Jordan Trivison is a very active participant in Shannon Jonker's 12th-grade English class. On one recent morning Jordan recapped in detail several chapters of Mary Shelley's Frankenstein, which the students had been assigned to read the previous night. When the other seniors at Calvary Chapel high school in Murietta, California, joined in the discussion, the class moved quickly from the question of whether the monster in the novel can be blamed for his behavior--since he was abandoned shortly after his formation, and no one taught him right from wrong--to the more complex issue of "whether the monster has a soul." Jordan struggled with this issue, noting that, on the one hand, the monster was created by man, and not God, but, on the other hand, he was capable of love and compassion.
The discussion, encompassing as it did such explicitly religious ideas, might not have taken place in a typical high-school classroom, but Jordan is for all intents and purposes a typical high-school student. He has California blond hair, sports a well-worn Eagles T-shirt, is active in student government and his church, and says that he rarely gets to bed before midnight because of homework. Looking to the future, he hopes to attend the nearby University of California at Riverside (to be close to his family and save money), where he plans to major in business and political science. Eventually, he wants to become a stockbroker and then run for Congress. As much as Jordan likes the evangelical atmosphere at Calvary, he doesn't think a Christian college campus would challenge him in the same way as UC, for example. "I want to be in a setting where I can stand up for what I believe in and not back down," he says. "If I want to be a politician someday, I'll have to start somewhere."
Jordan is already getting a sense of just how hard he will have to fight to reach his goals. His high school is now engaged in a battle over whether students who attend Christian high schools will be given the same opportunity as their public school counterparts to attend California's state universities.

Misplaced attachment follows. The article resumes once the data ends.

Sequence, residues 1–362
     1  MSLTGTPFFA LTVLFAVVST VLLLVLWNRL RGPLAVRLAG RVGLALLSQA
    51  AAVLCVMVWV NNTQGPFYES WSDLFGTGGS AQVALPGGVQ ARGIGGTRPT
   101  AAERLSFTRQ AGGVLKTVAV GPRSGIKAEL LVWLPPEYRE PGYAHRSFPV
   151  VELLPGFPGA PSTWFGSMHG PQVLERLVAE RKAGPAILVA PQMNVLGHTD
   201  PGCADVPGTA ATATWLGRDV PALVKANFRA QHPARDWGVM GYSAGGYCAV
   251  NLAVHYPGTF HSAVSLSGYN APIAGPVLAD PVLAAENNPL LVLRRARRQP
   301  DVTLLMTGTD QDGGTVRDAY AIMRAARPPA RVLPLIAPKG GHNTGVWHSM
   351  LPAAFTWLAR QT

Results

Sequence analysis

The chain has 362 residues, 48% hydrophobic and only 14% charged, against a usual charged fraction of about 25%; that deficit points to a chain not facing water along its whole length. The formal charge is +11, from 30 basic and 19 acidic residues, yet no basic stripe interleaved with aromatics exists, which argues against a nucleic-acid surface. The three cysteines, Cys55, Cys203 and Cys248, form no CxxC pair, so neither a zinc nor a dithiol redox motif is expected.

A year and a half ago, Calvary approached the University of California's Board of Admissions and Relations with Schools with the curricula of some new courses it wanted to offer. The board must ensure that the classes given in California's high schools are sufficiently rigorous to be counted in UC admissions decisions. Calvary submitted three courses for approval in the areas of history/social science and English/literature. It also made inquiries about curricula it wanted to offer in the natural sciences and religion/ethics, in an effort to clarify the board's policies. In the end, the three courses were officially rejected, and the remainder would have been if they had been submitted.
The decision was a slap in the face to Calvary, which prided itself on educating kids in religious and secular knowledge, but the school didn't turn the other cheek. It sued. And because the University of California action was perceived by many religious educators as a possible precedent for action elsewhere, Calvary was joined in its suit by the Association of Christian Schools International (ACSI), an umbrella group for four thousand Christian education institutions.
Rejection on Grounds of Religion
The science classes from Calvary were rejected by the UC with a simple form letter, one apparently sent to all schools that proposed to use Christian high-school science textbooks published by the two biggest Christian publishers, A Beka Book and Bob Jones University. "The content of the course outlines submitted for approval is not consistent with the viewpoints and knowledge generally accepted in the scientific community," said the letter. "As such, students who take these courses may not be well prepared for success if/when they enter science courses/programs at UC." UC's general counsel, Chris Patti, notes that these texts have many "scientific errors," and the "biggest one is [the way they describe] evolution. …